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Indigo snake (Drymarchon corais)—Leonard Lee Rue III
Nonvenomous snake (Drymarchon corais, family Colubridae) found from the southeastern U.S. to Brazil. The largest snake in the U.S., it has a record length of 9.2 ft (2.8 m). In the U.S. it is blue-black; southward it may have brown foreparts, and in the tropics it is often called brown snake. It kills small vertebrates, including venomous snakes, by crushing with its jaws and the weight of its coils, but is not a constrictor. In defense it hisses and vibrates its tail but rarely strikes. It may share a burrow with a gopher tortoise, for which it is often called gopher snake. It has been listed as an endangered species since the 1970s.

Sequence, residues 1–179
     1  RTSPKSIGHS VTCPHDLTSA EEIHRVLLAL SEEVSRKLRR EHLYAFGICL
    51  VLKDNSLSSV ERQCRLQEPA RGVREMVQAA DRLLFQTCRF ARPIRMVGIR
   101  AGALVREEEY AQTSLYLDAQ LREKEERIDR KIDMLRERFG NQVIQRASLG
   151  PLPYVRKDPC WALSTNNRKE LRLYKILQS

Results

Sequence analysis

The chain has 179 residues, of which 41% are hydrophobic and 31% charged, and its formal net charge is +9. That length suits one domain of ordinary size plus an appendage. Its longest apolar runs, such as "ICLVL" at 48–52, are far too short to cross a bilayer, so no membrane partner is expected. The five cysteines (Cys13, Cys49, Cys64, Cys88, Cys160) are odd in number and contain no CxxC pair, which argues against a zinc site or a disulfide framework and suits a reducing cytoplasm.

This entry comes from Encyclopædia Britannica Concise. For the full entry on indigo snake, visit Britannica.com.